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I have a form which uses ajax for data submitting. Here is the html:

<form>
    <input type="text" id="content" name="content">
    <input type="submit" class="button" name="button">
</form>    

and the JavaScript (jQuery):

$(function() {
    //Update Message...
    $(".button").click(function() {
        var boxval = $("#content").val();
        var dataString = 'content='+ boxval;

        if(boxval=='')
        {
            alert("Please Enter Some Text");
        }
        else
        {
            $("#flash").show();
            $("#flash").fadeIn(400).html('<img src="ajax-loader.gif" align="absmiddle"> <span class="loading">Loading Comment...</span>');

            $.ajax({
                type: "POST",
                url: "update_data.php",
                data: dataString,
                cache: false,
                success: function(html){
                    $("ol#update").prepend(html);
                    $("ol#update li:first").slideDown("slow");
                    document.getElementById('content').value='';
                    document.getElementById('content').focus();
                    $("#flash").hide();
                }
            });
        } 
        return false;
    });
});

It is all working fine, but there is a big problem: I cannot stop spam. Last time I used spam filters, it was in PHP (I used a hidden input and then checked in the PHP file if it is filled out). But that was totally in PHP, no JS.

So here is my question: How could I stop spam in this form submission? Also, can I create an if statement in the update_data.php file?

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1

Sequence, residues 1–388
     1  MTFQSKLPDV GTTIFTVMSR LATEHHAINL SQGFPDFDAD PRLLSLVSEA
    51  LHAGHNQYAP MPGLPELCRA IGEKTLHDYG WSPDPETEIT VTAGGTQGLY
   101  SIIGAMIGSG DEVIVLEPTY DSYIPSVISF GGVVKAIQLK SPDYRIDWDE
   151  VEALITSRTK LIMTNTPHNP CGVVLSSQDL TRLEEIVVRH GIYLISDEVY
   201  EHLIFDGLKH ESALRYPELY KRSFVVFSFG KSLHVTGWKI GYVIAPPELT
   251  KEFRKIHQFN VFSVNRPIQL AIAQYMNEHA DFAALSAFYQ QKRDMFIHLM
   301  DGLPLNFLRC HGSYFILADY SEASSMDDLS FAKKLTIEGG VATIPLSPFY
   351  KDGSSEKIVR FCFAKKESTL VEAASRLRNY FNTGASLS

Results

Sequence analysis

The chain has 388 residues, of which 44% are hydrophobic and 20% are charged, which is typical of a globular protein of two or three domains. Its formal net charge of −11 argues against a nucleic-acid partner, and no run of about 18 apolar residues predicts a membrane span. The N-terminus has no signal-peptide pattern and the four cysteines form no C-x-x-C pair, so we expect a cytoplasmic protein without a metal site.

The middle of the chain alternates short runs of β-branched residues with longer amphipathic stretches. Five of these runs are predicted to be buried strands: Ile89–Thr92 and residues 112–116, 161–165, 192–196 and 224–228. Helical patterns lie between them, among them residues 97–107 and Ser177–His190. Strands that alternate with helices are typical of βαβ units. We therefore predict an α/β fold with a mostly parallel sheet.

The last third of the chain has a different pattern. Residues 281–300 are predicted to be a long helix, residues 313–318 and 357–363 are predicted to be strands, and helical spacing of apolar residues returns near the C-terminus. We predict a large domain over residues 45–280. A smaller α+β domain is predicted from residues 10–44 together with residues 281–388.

First of all, you need to start indenting your code and stop mixing jQuery with plain JavaScript (document.getElementById('content').value=''; document.getElementById('content').focus(); => $('#content').val().get(0).focus()). Besides that, if you create a form that has no valid action bots are unlikely to successfully submit it - and for real users with JavaScript enabled you specify the target URL in the $.ajax call anyway. –  ThiefMaster Oct 2 '11 at 8:55

2 Answers 2

up vote 5 down vote accepted

I you do not like to add Captcha here is a good solution:

First add input that is hidden with css in the form. If the bot submits the form the hidden field will have some value filled by the bot. In normal cases the human will not see it and will be empty. In the case of a bot you will check it and if it has some value you will discard. Also you need to add input (also hidden with css) with javascript on document ready. If it is browser it will execute the javascript and will insert the input in the form. If it is a bot then the bots do not execute js and there will be no input field generated by js and on the server side you will see that there is no such field and you will discard the request.

So on the server side you will check if the first hidden field has value or the second hidden field does not exist discard the request.

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Even though this is a good solution does not prevent the bot to submit the form. It means the server will have the same number of spam request, the same load since has to check same number of submitted form, so not that big deal. Seems to me a way to put the dust under the carpet, and not clean the floor from the dust :P –  Gianpaolo Di Nino Oct 2 '11 at 9:19
    
There is no way to prevent the public url to be called. The load will not be the same because after the server will receive the request will validate it and discard it. Because it is public URL everyone can call it (does not need to be by submitting form). By the way the bod does not submit the form but directly use socket to the public URL. So there is no way to prevent the bot for sending a request to a public url, but you can prevent processing data from the bot. The Captcha will not prevent the bot from sending request. The Captcha is also server side validated like the above solution –  darpet Oct 2 '11 at 10:02
    
Oh well.. token are needed just for this. Generated on the form side, checked on the server side. Without inserting useless js functions. –  Gianpaolo Di Nino Oct 2 '11 at 10:14

First fast answer is putting inside the form something that could help you to understand if the user submitting your form is a bot or not.

Captcha for sure, or just a question not easy to answer for a bot.

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